Britt Mikkelsen's practice is inspired by her ‘muse', a term she uses for her daughter Jessica. Whilst the majority of youths are obsessed with their smart phones and social media presence, Britt’s daughter’s passion for nature and science are a breath of fresh air. Consequently her artworks are informed by natural objects, the miniscule, forgotten, but often beautiful fragments that inhabit our suburban worlds.
Britt is passionate about nature, yet accepts and even embraces man’s influence on the natural world, for although she acknowledges that technological progress has wreaked havoc on the natural world, ‘it is ironic that without human advancements, we would not have the capacity to reverse the damage already done.’
As such she explores industrial materials combined with the natural, using plastics and engineering grade resins to re-imagine natural subject matter. Her meticulous layering of resins lends a sense of fragility to her pieces, accentuating the vulnerability of the subject matter, yet ironically the materials she uses are extremely robust. Consequently the audience is often shocked to find that the artworks are not made of glass, but something usually found coating ‘a factory floor’. She is passionate about pushing these materials in unusual ways as she strives to create works that appear fragile and feminine, using industrial materials.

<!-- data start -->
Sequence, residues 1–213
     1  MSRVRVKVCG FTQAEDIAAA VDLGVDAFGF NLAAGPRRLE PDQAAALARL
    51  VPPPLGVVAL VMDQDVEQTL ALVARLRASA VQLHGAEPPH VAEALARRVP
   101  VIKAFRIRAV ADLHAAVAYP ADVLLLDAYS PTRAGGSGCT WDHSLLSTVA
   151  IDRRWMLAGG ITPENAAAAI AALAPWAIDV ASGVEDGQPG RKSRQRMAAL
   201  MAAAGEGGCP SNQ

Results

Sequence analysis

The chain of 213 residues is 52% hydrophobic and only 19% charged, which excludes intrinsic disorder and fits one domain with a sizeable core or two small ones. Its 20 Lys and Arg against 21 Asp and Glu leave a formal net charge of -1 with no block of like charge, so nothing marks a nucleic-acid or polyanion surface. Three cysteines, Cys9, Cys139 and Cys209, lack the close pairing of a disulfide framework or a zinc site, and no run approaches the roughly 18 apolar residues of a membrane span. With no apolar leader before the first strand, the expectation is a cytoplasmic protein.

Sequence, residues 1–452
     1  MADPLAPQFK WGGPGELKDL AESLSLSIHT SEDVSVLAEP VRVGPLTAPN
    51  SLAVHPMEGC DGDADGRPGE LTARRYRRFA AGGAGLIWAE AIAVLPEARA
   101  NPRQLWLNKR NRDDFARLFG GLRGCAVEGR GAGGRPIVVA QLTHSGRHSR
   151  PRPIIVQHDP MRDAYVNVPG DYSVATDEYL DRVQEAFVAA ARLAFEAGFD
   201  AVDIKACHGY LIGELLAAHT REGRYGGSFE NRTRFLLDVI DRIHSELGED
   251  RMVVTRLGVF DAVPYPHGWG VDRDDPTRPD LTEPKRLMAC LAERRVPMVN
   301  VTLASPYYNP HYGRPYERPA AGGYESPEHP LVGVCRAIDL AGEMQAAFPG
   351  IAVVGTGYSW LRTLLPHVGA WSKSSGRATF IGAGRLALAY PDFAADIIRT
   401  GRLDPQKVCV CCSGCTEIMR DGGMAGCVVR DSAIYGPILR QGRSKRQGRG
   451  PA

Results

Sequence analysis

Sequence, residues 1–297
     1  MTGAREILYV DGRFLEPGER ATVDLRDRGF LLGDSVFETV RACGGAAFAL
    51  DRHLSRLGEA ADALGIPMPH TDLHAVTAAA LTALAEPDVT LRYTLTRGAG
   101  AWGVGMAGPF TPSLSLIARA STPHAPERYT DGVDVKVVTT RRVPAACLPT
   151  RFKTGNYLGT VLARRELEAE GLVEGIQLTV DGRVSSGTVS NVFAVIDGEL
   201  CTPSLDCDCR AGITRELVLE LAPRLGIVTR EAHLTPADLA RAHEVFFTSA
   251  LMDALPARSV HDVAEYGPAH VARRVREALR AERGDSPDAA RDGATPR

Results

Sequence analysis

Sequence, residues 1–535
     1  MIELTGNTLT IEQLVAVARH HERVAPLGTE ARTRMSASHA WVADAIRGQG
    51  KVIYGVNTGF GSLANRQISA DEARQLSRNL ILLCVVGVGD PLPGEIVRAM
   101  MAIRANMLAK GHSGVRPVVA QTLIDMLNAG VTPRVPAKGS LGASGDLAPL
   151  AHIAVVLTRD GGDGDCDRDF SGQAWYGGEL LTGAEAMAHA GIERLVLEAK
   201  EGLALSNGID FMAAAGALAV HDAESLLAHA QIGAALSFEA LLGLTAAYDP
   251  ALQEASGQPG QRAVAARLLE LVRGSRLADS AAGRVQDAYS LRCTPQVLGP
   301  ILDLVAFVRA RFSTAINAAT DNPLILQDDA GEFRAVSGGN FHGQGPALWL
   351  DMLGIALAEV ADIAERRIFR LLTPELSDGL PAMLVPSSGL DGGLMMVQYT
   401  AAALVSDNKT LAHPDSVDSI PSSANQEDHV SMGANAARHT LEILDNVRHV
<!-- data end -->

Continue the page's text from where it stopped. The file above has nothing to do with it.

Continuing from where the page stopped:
Britt received the Stockland Sculpture Prize at the Minniwarra Art Awards in 2017, was awarded the Parker’s Juices Emerging Artist’s Subsidy for her work in Sculpture by the Sea 2017 and in 2018 received the prestigious Helen Lempriere Scholarship for an emerging artist at Bondi. In 2019 she won the major prize at the Darlington Sculpture Trail for the Darlington arts festival and also the Indoor Sculpture prize at the same festival.
Her work is held in numerous private and public collections in Australia and overseas, Including the cities of Stirling, Cockburn and Melville.
No more pages to load